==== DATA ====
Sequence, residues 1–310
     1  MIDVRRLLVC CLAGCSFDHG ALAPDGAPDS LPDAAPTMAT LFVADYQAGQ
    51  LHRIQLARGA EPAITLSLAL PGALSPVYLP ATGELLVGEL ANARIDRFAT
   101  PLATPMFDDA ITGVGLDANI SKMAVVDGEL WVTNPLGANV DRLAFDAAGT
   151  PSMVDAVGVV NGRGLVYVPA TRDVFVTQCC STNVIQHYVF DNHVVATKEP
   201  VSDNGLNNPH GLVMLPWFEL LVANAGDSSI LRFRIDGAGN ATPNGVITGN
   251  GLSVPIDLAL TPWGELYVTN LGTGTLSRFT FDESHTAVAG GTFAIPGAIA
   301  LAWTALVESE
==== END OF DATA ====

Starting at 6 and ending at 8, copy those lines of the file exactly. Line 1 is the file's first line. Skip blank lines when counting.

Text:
   201  VSDNGLNNPH GLVMLPWFEL LVANAGDSSI LRFRIDGAGN ATPNGVITGN
   251  GLSVPIDLAL TPWGELYVTN LGTGTLSRFT FDESHTAVAG GTFAIPGAIA
   301  LAWTALVESE